Our results demonstrate how coherent-phase information can be transferred between two subsequently emitted NW laser pulses by virtue of coherent Rabi oscillations that occur during the postlasing transparency regime. The consequent observation of interference fringes reveals the potential for high repetition rates >200 GHz while preserving mutual coherence between the emitted laser pulses. The discrete Fourier transform of the spectra obtained from ultrafast pump–probe experiments exhibits coherent information storage up to timescales of approximately 30 ps and for emitted pulse durations below 3 ps. The ultrafast pulse emission of the NW lasers is followed by strongly damped Rabi oscillations that result from the coherent light–matter interactions in the NW cavity. The experimental results are in good quantitative agreement with theoretical predictions from a microscopically motivated semiconductor Bloch equation model with a realistic noise source that calculates the phase of the photon field and the polarization of the lasing state population in the NW. The theoretical model reproduces the coherent-phase information transfer between two subsequent NW laser pulses and the generation of the mutually coherent pulses from incoherent excitation. The results present a novel mechanism for transfer of optical phase between NWs integrated into nanophotonic circuits.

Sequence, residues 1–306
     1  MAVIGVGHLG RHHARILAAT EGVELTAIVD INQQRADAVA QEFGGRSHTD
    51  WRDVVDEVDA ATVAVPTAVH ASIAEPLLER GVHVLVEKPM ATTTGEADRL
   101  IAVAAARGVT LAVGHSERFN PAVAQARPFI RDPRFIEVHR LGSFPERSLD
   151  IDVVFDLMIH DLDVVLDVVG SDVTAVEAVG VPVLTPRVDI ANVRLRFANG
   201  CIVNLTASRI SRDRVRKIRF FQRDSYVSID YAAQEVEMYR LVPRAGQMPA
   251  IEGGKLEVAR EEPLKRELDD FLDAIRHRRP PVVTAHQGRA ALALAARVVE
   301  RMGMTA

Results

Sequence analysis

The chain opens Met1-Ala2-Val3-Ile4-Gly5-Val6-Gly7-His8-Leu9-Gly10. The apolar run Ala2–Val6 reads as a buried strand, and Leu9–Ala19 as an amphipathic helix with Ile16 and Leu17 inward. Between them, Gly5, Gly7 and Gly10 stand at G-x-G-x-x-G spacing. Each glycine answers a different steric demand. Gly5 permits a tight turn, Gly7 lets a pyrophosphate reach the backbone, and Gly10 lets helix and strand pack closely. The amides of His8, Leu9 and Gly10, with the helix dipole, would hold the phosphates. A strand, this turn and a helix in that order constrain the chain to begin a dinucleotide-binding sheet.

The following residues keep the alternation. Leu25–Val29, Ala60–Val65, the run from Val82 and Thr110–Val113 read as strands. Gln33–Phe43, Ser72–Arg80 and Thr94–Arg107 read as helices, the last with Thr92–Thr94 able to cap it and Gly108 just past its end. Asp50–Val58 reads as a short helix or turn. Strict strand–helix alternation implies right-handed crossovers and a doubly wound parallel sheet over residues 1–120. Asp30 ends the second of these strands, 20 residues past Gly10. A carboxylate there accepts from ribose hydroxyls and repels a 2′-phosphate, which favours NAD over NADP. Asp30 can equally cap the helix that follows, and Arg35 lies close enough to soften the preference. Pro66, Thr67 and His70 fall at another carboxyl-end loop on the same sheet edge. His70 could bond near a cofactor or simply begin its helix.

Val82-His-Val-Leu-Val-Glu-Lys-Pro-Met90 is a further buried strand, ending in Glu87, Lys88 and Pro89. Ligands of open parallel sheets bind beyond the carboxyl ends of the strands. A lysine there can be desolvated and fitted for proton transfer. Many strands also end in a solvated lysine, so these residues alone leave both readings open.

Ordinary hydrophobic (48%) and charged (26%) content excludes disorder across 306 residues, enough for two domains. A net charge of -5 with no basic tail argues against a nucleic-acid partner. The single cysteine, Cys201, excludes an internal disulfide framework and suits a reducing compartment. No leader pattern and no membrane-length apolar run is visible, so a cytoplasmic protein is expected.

The GaAs-AlGaAs core-shell NWs were grown using solid source MBE on Si(111) substrates. The substrate was masked by an approximately 2 nm-thick SiO2 layer containing pinholes that act as nucleation sites for the NW growth. The GaAs NWs were synthesized at 610 °C in a self-catalysed (Ga-droplet mediated) vapour–liquid–solid growth mode using Ga and As fluxes of 0.025 and 0.103 nm s−1, respectively. In order to provide waveguiding inside the NW gain medium, a subsequent overgrowth step at reduced temperatures of 490 °C and increased arsenic and gallium fluxes of 0.19 and 0.17 nm s−1, respectively, was used to increase the NW diameter to approximately 320 nm. To strongly enhance the optical efficiency of the NWs, the GaAs NW core was overgrown with a thin AlGaAs passivation layer using an Al flux of 0.057 nm s−1. The growth was finalized by growing a 5±1-nm-thick GaAs protection layer on the NW surface8. After growth, individual NWs were mechanically removed from the growth substrate and dispersed onto glass whereupon the lasing behaviour of individual NWs could be explored when subject to optical pumping.